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Chuck Kennedy

House Majority Leader Kevin McCarthy said at an Axios/NBC News event this morning that he believes a revamped plan to repeal Obamacare would be coming soon — though there is "not a time set" — and it will "be more successful than anyone will give [the GOP] credit for."

The latest developments on repeal: McCarthy said Republicans spent a lot of time at last night's meeting talking about high-risk pools. That's a sign that they may be open to getting rid of Obamacare's pre-existing condition coverage, because they think they can take care of sick people through the risk pools. Freedom Caucus members want that, but other Republicans are wary of eliminating Obamacare's guarantee that all health plans will cover sick people.

Read on for more highlights from the event.

McCarthy's reasoning for Trumpcare's first failure: Members of Congress felt that a date for repeal was "certain" — and that put pressure on them to wrap it up quickly. He hopes to move forward with more "explanation."

His goals for health care: "Greater choice and greater flexibility." McCarthy compared it to a cable package with different options.

Kathleen Sebelius on the House GOP talks: The former Health and Human Services secretary said McCarthy's comments on high-risk pools described the old health care system "that left millions and millions of people out."

Sebelius on the danger of an Obamacare market meltdown: "Unfortunately, the uncertainty over what's going to happen … is creating, I think, a fleeing from the marketplace, not stability."

Toby Cosgrove on what should be done: The Cleveland Clinic CEO said Obamacare didn't really deal with the root causes of rising health costs — chronic disease, obesity, smoking, etc. Legislation that refocuses on costs would get "bipartisan support."

Sebelius goes there: "I'm way too familiar with websites. Stay away from them." (She was in charge when the early Obamacare website kept crashing.)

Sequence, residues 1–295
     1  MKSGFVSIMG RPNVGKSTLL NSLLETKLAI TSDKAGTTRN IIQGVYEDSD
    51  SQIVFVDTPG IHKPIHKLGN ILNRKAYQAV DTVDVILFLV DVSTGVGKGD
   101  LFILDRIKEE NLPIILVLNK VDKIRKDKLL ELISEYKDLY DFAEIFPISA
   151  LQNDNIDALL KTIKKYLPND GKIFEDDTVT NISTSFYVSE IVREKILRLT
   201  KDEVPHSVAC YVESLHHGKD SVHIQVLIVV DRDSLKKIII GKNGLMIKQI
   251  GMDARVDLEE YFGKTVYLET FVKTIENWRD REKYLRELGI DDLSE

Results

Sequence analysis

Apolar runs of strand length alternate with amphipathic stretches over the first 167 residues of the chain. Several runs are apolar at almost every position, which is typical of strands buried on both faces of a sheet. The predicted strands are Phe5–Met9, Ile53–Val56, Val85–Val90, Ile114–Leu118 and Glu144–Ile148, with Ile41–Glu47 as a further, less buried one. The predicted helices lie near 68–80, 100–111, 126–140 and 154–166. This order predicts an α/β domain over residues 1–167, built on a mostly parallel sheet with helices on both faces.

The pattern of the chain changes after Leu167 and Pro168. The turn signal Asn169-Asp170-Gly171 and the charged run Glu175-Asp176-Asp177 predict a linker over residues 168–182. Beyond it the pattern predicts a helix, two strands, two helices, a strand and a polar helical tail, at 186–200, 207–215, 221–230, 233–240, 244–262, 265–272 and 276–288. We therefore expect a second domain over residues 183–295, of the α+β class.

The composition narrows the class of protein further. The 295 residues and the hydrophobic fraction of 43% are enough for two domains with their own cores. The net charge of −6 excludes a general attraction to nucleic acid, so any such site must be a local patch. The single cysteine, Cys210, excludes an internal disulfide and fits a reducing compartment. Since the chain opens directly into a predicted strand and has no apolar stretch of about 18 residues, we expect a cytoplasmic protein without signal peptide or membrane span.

Go deeper

Ro Khanna wary of Biden approach on Middle East

Rep. Ro Khanna. Photo: Cody Glenn/Sportsfile for Web Summit via Getty Images

An outspoken progressive Democrat is wary of President Biden’s approach to the Middle East, arguing it’s like “conceding defeat of the aspiration” to win a Nobel Peace Prize.

Why it matters: A number of members of Biden’s own party dislike his Middle East strategy, as his administration signals the region is no longer the priority it was for President Obama and his predecessors.

Democrats eye reconciliation for immigration

Photo: Chip Somodevilla/Getty Images

Comprehensive immigration reform is a pipe dream, but some Senate Democrats are hoping to tie key immigration provisions to the next big reconciliation push.

Why it matters: Immigration is one of the most controversial and partisan issues in U.S. politics, which is why the budget reconciliation process — which allows for bills to pass the Senate with a simple majority rather than the usual 60 votes — is so attractive.

5 hours ago - Politics & Policy

Scoop: Biden meeting Quad amid own pivot toward Asia

Artists paint portraits of President Biden and Vice President Kamala Harris in Mumbai, India. Photo: Anshuman Poyrekar/Hindustan Times via Getty Images

President Biden plans to meet this month with the leaders of Japan, Australia and India in a virtual summit of the so-called Quad, according to people familiar with the matter.

Why it matters: By putting a Quad meeting on the president’s schedule, the White House is signaling the importance of partnerships and alliances to counter China’s growing influence in the Indo-Pacific region.